“Big Apple Plaid” 1924 Frock

New York might have seen this outfit as the smartest dressing in year 1924, but it sure wouldn’t fly on streets of today.  How things have changed almost 100 years later now!  Nevertheless, I’d like to be up-to-date for 1924 and flaunt about in a more historical style for a change of pace!

For most of the 1920s, the decade did not look like the stereotypical “flapper” that everyone reverts to.  Realistically, they were quite conservative in their long length and loose fit, and almost dowdy to our modern eyes.  To recreate them in a way that makes them appear better than a costume takes a bit of a different mindset (such as understanding the underwear which gave them their weird shape) and attention to the finishing details.  This project was more challenging in the way that I self-drafted all but the three main body panels – which were from a true 20’s design – so I could copy an image from a year 1924 “National Suit and Cloak Co.” catalog which had caught my creative eye.  Having the perfect fabric and trimming on hand certainly helped convince me to make something wearable of the idea.  

THE FACTS:

FABRIC:  100% cotton

PATTERN:  Butterick #1101, from October 1926 (I know the precise month/year only because of the comprehensive Butterick pattern dating charts provided here by “Witness2Fashion”. This pattern is from when Butterick started a new design style and numbering system so that is easy to track!)

NOTIONS:  Lots of thread, interfacing remnants, embroidery thread, and extra trimming (soutache and satin grosgrain ribbon) from my stash.  The creamy yellow ball buttons down the front are vintage from my grandmother’s stash of notions.

TIME TO COMPLETE:  This was finished on April 17, 2020 after about 10 hours put into the dress.

TOTAL COST:  This project is as good as free – the fabric had been in my stash for over a decade before becoming this dress, and the trims were something I got for a dollar each years back…who’s counting after all that time?!?

I will bet that the actual inspiration dress was made just a bit differently, but I did the best I could interpreting a small image into an actual garment using what knowledge I have of the era.  My dress is a comfy cotton which makes it a great dress for a low-budget historical dress, yet I have an inkling the original “fancy checked suiting” might have been a wool or slubbed rayon.  The trim I used is modern but exactly the same as something straight out of the 1920s – soutache and satin grosgrain.  The way I layered them together they create a low-key but very complex detail that garments of the era were so good at inventing.  It can be one thing to like a dress you see in a catalog, but then ending up liking it on yourself can be a whole different thing altogether.  Luckily, I think I personalized my interpretation of the chosen inspiration image just enough for me to enjoy wearing this, no matter how odd of a style this era’s true fashion can be!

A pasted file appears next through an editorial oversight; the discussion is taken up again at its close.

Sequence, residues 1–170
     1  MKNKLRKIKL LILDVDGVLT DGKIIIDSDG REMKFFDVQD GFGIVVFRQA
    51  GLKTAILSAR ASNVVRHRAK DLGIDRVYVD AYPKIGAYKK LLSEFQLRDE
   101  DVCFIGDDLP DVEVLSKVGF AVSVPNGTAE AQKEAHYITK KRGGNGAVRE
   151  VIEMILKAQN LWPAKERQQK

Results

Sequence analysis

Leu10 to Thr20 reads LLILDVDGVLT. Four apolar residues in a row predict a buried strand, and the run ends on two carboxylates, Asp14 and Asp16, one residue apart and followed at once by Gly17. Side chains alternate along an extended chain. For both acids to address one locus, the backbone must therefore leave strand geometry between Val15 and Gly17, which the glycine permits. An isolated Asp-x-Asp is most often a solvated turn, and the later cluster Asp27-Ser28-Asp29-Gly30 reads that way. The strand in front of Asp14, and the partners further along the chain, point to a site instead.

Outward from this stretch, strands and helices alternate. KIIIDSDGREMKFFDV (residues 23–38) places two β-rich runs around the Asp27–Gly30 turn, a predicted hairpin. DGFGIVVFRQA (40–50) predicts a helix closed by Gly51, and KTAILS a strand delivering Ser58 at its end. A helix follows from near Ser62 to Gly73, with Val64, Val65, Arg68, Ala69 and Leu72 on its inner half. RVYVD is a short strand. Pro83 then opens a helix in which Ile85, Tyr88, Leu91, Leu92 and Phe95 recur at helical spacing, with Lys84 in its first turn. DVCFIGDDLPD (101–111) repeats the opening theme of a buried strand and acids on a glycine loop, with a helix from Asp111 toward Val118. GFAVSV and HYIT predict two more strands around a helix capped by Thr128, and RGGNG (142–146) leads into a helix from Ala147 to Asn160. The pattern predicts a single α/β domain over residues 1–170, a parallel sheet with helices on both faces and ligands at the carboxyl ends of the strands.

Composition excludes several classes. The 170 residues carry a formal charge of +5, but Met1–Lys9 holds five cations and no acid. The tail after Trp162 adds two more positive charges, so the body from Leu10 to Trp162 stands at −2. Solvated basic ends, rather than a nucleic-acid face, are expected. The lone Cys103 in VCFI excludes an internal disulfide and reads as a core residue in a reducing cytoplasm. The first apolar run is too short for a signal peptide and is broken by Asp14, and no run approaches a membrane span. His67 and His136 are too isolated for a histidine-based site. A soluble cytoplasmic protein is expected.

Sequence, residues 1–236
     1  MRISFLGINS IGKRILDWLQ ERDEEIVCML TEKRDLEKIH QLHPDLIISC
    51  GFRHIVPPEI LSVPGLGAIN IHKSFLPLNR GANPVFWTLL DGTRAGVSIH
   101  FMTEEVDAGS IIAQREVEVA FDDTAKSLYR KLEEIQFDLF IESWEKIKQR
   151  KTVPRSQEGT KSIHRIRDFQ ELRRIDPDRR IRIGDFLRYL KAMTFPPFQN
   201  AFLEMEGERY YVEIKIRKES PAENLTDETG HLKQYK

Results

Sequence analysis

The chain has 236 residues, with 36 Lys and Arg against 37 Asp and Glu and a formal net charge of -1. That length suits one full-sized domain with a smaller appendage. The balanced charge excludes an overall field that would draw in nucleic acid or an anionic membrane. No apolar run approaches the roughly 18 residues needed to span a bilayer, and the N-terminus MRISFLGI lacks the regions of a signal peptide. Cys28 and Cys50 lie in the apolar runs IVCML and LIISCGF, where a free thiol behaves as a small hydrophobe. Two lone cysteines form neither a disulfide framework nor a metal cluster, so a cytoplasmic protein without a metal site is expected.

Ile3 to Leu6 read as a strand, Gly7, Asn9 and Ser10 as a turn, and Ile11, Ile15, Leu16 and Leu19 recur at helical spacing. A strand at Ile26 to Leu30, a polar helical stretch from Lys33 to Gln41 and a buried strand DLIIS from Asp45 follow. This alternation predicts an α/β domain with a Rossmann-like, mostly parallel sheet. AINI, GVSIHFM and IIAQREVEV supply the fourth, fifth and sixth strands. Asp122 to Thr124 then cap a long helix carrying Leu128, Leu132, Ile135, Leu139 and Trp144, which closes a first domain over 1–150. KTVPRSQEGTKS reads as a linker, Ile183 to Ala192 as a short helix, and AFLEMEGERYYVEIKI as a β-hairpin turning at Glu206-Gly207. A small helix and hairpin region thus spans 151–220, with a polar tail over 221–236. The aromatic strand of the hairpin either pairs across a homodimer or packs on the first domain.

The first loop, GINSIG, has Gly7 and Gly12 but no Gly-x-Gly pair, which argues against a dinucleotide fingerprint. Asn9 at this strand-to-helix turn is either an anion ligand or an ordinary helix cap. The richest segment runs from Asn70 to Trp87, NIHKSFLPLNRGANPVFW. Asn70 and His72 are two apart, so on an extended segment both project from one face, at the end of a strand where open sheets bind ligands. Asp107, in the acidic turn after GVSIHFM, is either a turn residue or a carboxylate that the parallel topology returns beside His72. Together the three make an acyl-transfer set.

The body of the dress fit right out of my vintage pattern.  Now granted when I say “fit”, I mean that in a 1920s way of being very loose, unfitted, and with straight lines.  Since I am an hourglass body type and my hips are ever so slightly my widest body feature, making a 1920’s fashion means I need the entire dress to be a tube which is as wide as my hips plus a generous wearing ease of about 4 or 5 inches.  Yeah, that sounds very unappealing, doesn’t it?!  This is why sizing charts on patterns of this era are not dependable (going by age?) and not easily understood.  Even though the bust was too big for me, I needed it for the hips because you don’t curve in the side seams to find a modern fit for true 1920s dress.  It’s not intuitive to make clothes fitting like this for someone living today.  The only thing I did change up was to cut out the sleeves on the bias grain to accommodate my larger upper arms needing more room for mobility.